One last feature worth mentioning is the textbox. There are 4 of these on each block, and one at the top of the screen for the teacher to put the answer in. As noted above, the editor is written in XNA. While XNA is a very powerful and accessible language, it is missing some things. Of importance to the editor is the absence of controls you might be familiar with from Windows Form applications – like buttons, labels, and, most importantly, textboxes. This meant that I had to create a textbox control for the editor from scratch.

This actually turned out to be a very interesting exercise. One of the things that I’m aiming for with the editor is to make it as easy to use as possible. Part of that goal is what I would call ‘system continuity.’ In a Windows environment (although this is pretty similar across any desktop environment), there are certain ways you expect a textbox to behave – being able to delete characters, being able to use the arrow keys to navigate through your text, that little blinking cursor that appears after whatever you just typed. When you create a Windows Form app, controls are included in Visual Studio, so you don’t have to worry about them behaving differently from one application to the next.

For the editor, I’ve done my best to replicate these behaviors, and to make the editor as intuitive as possible. When you click on a textbox, it becomes highlighted, so you know where you’re typing. A blinking red cursor will show you where to type, and all the keys work – even when holding down shift. You can also navigate through a textbox with the arrow keys, and insert and delete characters at any point. As of now, the textboxes in Blocku feel very similar to the ones people are used to using in their everyday activities.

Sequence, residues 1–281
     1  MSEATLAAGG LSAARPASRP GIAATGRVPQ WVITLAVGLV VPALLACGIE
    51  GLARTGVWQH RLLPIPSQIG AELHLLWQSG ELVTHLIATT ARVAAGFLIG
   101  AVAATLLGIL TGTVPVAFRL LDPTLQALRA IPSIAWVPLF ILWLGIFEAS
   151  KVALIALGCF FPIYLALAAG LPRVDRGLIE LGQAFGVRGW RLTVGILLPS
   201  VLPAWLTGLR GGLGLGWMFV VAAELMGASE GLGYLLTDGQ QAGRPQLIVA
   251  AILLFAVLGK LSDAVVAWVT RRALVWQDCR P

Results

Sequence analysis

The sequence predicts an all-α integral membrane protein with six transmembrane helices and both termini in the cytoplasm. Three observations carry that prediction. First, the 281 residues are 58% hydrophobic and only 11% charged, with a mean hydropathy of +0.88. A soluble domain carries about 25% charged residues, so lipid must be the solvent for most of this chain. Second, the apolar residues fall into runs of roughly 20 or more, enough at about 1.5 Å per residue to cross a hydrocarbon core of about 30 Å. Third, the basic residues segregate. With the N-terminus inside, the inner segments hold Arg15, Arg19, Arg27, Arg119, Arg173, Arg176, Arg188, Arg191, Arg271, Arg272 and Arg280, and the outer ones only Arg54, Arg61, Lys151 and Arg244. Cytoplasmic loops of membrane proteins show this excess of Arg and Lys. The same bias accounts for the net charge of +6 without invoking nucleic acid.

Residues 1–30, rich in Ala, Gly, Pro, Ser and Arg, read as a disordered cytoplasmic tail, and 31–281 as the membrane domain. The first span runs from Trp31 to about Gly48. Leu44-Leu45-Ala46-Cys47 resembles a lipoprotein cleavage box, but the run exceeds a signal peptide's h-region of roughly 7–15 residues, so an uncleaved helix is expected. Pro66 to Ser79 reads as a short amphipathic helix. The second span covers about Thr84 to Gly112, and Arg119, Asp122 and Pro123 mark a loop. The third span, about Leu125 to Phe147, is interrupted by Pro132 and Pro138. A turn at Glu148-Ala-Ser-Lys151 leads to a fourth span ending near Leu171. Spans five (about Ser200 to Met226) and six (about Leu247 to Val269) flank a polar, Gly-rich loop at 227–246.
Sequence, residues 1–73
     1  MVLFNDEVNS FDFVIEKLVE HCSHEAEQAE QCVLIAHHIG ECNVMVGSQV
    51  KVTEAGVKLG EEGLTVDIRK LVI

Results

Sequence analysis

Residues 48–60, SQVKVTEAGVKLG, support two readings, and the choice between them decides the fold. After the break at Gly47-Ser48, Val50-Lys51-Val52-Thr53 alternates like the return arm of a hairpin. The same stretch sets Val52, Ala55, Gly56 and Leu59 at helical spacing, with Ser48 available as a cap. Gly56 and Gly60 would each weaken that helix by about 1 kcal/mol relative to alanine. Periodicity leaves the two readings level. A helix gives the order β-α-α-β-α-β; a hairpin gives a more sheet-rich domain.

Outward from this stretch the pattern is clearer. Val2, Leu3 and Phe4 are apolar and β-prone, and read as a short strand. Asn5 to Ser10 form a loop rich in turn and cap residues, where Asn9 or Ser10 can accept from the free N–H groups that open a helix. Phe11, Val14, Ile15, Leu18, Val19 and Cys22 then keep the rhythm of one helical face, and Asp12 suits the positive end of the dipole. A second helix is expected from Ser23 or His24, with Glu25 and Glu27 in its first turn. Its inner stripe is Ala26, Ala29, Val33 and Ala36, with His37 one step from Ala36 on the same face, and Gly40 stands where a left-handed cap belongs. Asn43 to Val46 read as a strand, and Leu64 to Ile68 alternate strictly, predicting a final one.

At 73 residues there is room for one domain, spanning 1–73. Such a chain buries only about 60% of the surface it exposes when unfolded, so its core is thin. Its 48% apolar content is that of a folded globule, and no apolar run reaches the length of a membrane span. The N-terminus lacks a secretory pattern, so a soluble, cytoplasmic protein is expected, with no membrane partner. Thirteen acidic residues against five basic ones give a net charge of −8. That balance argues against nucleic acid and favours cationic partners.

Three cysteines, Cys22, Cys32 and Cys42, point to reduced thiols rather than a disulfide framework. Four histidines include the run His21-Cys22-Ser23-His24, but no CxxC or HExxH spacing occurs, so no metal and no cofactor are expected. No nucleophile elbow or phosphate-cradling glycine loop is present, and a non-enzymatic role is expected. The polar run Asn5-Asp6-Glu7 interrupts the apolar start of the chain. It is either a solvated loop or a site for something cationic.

The editor is far from complete. Below is the ‘Must-Have’ list:

  • Screen to choose what size grid to spawn
  • Finished interface – a background for the actual editor part, which will match the in-game background
  • Ability to specify a file name and location when saving boards
  • Package the editor to an executable that can be easily downloaded and installed

Luckily, there isn’t much more needed to get the editor to a deploy-able state. There are a few features in the works for future releases, that may or may not be finished by the end of the quarter.

The first is block movement. Currently, if you drag a block into another block, they will get ‘stuck’ together at the point where the mouse entered the second block. While the blocks can be pulled apart, this is somewhat annoying, and can mess up a board if the user is not aware of this behavior. This should be a pretty easy fix.

The second is the ability to select multiple blocks. Take a look at the screenshot below of a board I tried to build in the shape of a pyramid.

It looks good, except for one thing – the top block is cut off at the top of the screen. I built this board from the bottom up, and actually ran into this problem a couple of times, and each time I had to move every block in order to make it fit. It would be really helpful to be able to draw a box around several blocks and move them all at once – like moving icons on your desktop.

The third is with regards to the textboxes. Currently, when you click a textbox, the cursor will appear where ever it was when you last used it, regardless of where in the box you actually clicked. This isn’t too bad for the textboxes on blocks, since those will only be a few characters long. It does get kind of annoying having to hit the arrow keys several times in the Answer textbox at the top of the screen though. Luckily, this isn’t too big of an issue, and can wait to be fixed.

I’ll be wrapping up my work on the editor pretty soon (hopefully). At that point I’ll get back to working on the actual game, as we try and have a playable build by the start of next week.